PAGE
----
• Intended Audience
    Students in Inf. Dis. Epid, Global Dis. Epid & Control and in the Infectious Disease Concentration of the MPH program who are interested in further developing an understanding of the concepts and methods used in infectious disease epidemiology.
  • Methods of Assessment
    Class participation and a written and oral critique of an assigned paper.

    Additional Faculty Notes:

    Class participation, class exercises and one in class exam.

    Each class exercise will contribute 10% to the final grade (total 70%) and the exam will contribute 30% to the final grade.

    Students may receive a letter grade or receive a pass/fail grade.

  • Prerequisites
    340.752 and 340.627 Epi of Infectious Diseases

    Additional Faculty Notes:

    Epidemiological Methods 2 (340.752) 

    Epidemiology of Infectious Diseases (340.627)

    Statistical Methods in Public Health II (140.622) or higher level biostatistics course

  • Required Text(s)

    Additional Faculty Notes:

    No textbook is required for this course. Students may find the following textbooks useful to further explore material covered in this course:

    Halloran ME, Longini, IM, Struchiner CJ. Design and Analysis of Vaccine Studies. 2010. Springer.

    Hayes RJ, Moulton LH.  Cluster Randomized Trials. 2009. CRC Press.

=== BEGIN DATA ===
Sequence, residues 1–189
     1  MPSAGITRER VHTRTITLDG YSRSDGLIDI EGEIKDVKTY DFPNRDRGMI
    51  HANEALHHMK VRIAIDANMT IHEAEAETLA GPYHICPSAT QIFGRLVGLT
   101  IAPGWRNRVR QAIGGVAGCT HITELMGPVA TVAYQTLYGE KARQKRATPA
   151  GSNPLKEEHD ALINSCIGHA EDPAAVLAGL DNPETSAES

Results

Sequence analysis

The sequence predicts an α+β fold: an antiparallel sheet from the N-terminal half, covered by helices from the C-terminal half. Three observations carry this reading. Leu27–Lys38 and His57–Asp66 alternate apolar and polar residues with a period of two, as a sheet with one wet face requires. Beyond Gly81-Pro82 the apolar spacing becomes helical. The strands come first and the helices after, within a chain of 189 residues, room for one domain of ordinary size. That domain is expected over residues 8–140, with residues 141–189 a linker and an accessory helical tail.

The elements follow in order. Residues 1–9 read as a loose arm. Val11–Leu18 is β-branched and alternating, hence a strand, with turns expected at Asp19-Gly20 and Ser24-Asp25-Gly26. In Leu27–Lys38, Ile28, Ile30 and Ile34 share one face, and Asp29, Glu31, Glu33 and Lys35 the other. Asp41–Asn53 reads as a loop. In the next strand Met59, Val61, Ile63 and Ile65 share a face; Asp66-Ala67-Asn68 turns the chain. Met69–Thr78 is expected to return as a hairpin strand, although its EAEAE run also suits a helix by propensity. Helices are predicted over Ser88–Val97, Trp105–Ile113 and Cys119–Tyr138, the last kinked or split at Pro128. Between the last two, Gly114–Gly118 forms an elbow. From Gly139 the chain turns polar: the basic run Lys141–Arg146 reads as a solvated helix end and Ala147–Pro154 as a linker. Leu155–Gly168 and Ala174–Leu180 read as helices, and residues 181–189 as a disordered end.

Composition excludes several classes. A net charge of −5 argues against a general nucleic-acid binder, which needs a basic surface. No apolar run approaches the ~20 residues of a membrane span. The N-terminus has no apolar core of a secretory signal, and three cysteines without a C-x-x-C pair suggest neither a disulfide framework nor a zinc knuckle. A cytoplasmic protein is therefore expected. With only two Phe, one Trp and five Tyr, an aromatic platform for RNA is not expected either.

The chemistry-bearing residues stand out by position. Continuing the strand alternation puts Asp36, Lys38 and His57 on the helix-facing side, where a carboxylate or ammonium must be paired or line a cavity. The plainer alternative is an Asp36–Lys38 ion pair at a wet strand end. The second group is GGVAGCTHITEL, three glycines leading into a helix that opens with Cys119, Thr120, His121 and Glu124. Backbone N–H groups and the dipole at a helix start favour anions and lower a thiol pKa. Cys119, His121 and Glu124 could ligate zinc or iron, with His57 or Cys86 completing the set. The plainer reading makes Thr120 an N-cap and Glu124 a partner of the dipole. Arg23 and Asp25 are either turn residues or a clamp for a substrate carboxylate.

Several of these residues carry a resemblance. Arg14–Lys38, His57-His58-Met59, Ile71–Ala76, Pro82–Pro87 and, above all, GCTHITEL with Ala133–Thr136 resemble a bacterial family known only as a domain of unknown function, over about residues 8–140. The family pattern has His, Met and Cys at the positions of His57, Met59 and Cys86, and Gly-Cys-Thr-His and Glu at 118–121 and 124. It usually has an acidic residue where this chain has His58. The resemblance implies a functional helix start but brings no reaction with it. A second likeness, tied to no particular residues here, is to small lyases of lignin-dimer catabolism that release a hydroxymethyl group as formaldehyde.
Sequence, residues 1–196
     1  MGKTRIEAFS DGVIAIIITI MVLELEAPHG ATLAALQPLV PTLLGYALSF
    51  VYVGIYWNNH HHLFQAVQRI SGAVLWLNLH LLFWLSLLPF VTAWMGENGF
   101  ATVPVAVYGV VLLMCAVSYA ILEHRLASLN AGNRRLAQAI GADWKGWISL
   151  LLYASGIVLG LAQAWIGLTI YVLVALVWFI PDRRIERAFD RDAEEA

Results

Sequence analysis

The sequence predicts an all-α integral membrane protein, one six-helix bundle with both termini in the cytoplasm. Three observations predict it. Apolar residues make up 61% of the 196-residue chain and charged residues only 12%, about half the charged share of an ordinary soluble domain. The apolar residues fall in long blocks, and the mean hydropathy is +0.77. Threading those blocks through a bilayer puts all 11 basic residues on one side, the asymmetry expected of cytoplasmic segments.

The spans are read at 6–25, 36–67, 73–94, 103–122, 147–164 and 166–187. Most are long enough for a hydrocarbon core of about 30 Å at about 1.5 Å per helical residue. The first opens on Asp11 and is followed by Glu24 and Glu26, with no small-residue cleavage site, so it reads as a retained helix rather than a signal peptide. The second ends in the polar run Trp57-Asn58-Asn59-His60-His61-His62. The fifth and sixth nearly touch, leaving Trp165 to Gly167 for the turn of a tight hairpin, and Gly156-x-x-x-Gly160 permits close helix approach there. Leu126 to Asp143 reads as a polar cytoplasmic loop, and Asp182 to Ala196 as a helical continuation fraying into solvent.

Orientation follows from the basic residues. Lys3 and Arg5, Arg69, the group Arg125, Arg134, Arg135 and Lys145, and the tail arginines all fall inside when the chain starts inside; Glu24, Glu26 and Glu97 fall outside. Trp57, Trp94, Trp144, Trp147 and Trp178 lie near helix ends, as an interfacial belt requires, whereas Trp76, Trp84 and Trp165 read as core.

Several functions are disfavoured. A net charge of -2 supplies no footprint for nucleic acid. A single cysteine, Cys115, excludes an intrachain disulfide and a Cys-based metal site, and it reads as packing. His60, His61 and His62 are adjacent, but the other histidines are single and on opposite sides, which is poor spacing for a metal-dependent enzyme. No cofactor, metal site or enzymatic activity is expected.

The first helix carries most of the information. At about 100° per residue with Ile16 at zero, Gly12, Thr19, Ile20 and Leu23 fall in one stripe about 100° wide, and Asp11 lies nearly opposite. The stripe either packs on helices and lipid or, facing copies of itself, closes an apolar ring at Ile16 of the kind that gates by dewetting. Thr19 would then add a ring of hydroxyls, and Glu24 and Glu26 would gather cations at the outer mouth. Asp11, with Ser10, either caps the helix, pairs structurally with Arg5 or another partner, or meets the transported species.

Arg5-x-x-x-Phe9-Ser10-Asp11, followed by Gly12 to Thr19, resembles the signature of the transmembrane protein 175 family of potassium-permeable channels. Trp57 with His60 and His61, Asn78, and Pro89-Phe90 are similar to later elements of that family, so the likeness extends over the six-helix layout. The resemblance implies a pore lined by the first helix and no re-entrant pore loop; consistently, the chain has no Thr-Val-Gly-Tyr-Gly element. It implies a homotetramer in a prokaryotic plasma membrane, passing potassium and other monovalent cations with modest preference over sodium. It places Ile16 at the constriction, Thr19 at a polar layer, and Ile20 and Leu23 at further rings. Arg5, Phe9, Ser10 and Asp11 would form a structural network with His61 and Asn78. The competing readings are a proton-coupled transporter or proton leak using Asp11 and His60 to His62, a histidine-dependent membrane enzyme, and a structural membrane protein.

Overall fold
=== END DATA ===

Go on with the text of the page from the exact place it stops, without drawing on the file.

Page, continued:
• Course Schedule

    Please see the course Session for a full list of dates and items for this course.

  • Academic Ethics Code

    Students enrolled in the Bloomberg School of Public Health of The Johns Hopkins University assume an obligation to conduct themselves in a manner appropriate to the University's mission as an institution of higher education. A student is obligated to refrain from acts which he or she knows, or under the circumstances has reason to know, impair the academic integrity of the University. Violations of academic integrity include, but are not limited to: cheating; plagiarism; knowingly furnishing false information to any agent of the University for inclusion in the academic record; violation of the rights and welfare of animal or human subjects in research; and misconduct as a member of either School or University committees or recognized groups or organizations.

  • Welcome Message

    Dear Students,

    Welcome to Concepts and Methods in Infectious Disease Epidemiology!  We hope to introduce you to methodologic approaches unique to the study of communicable diseases based on "dependent happenings", a term introduced by Sir Ronald Ross.

    We hope you enjoy this new course offering.

    Derek, Justin and Bill

  • Course topics

    Dependent Happenings and the Natural History of Infectious Diseases

    Molecular Epidemiology

    Phylogenetics and Phylodynamics

    Network Theory: Terms and Metrics

    Serology and Infectious Disease Epidemiology

    Population Survey Design

    Introduction to the Design of Cluster Randomized Trials

    Host Genetics and the Epidemiology of Infectious Diseases

  • Disability Support Services
    If you are a student with a documented disability who requires an academic accommodation, please contact the Office of Student Life Services at 410-955-3034 or via email at dss@jhsph.edu.